Under the 1990s model it was common to see the point made that actually we are all shareholders, so we have an interest in the performance and management of companies. In the policy world a lot of emphasis has been put on enhancing the powers of shareholders as a way of balancing managerial power. At its most optimistic this stream of work sees the public as somehow having control over investee companies. These sorts of ideas have been influential for around 20 years in some markets.
However, increasingly we see recognition that life is more complicated than this, that interests within the firm compete, and that it's not necessarily a good thing that investors come first. The latest version of the UK Corporate Governance Code is a mild tilt towards a more "stakeholder" view of the firm. I would envisage a further shift when Labour gets back into power.
Professor David Hall, a water industry expert at the University of Greenwich, said water companies should pay out less in dividends and instead use the money to cut leaks by improving their infrastructure. 'The money is available,' he said. 'But it's not reaching the right places – which are the leaks. It's reaching the wrong places – which are the pockets of shareholders.'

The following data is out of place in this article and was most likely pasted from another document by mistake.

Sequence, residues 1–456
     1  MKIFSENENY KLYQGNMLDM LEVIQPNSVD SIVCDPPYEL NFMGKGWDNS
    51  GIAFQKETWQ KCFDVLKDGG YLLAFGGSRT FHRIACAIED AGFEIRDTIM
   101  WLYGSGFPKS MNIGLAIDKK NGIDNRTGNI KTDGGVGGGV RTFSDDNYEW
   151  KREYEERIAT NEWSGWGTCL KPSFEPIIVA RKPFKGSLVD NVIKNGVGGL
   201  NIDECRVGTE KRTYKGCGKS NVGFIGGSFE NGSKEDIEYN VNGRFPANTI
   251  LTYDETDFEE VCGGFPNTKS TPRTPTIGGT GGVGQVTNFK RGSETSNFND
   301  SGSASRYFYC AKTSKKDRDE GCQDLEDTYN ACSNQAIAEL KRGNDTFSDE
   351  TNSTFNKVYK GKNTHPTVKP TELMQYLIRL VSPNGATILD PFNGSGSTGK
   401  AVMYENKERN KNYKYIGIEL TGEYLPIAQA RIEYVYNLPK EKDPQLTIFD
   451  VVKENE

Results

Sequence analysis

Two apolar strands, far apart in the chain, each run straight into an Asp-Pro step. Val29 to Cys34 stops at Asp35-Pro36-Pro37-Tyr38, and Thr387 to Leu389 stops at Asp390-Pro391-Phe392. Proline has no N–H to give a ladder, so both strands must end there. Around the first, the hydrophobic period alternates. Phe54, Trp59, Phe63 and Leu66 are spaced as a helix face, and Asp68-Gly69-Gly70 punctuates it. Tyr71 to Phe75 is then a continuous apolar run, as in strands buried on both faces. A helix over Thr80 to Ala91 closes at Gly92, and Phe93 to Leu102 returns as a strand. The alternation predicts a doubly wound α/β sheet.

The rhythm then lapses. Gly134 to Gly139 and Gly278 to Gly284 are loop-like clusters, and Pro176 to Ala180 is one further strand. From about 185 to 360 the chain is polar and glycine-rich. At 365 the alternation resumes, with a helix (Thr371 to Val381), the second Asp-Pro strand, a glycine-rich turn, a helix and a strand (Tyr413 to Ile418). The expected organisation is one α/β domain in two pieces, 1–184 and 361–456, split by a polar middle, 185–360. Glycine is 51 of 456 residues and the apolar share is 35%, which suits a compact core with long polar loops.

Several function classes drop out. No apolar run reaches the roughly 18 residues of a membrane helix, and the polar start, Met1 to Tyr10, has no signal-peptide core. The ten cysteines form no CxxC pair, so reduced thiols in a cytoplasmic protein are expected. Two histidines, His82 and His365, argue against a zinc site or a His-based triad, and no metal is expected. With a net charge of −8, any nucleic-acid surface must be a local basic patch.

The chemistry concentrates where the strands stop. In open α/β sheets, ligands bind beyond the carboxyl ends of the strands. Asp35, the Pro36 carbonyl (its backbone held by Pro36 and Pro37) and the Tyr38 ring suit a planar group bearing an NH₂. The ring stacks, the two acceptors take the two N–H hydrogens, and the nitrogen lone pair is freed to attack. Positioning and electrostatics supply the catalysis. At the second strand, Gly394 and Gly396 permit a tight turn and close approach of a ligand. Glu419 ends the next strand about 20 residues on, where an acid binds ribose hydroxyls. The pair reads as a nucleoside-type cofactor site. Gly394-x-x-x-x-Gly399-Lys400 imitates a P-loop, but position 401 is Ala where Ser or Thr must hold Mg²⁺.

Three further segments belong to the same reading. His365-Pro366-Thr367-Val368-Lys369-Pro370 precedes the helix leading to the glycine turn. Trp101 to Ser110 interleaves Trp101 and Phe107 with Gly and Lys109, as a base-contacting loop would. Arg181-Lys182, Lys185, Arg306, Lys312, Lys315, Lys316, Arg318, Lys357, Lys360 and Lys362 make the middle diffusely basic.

Invest in solving leaks, or distribute cash to investors. In the above quote these options are characterised as pulling in different directions. To prioritise one is to damage the other. This is a million miles away from the Mckinsey hot air about there being "no inherent tension" between different interests. (Interestingly Ofwat has a section on its website specifically about "Profits and dividends"of water companies, and its chief exec has had a pop at recent decisions by some companies.)
As I've said before, I think we are going to start seeing this kind of argument a lot more often than we have in the recent past. Obviously this comes with a backdrop of renewed discussion of public ownership of utilities. I think the increasing prevalence in the media of the idea that there are competing interests is will make more radical policy options more achievable.
Of course, these are difficult issues. It is definitely the case that taking utilities back into public ownership is going to sting our pension funds. It's not obvious to me that there is a investor-friendly middle route. For example, we could look at the UK "owning" utilities through our pension funds directly, stripping asset managers out of the deal and thus reducing costs. I don't think our funds have the scale to do this, nor are they currently structured in a way that would stop them thinking like asset managers. And at some point the dividends vs investment question will come up.
Nonetheless the ground does seem to be shifting.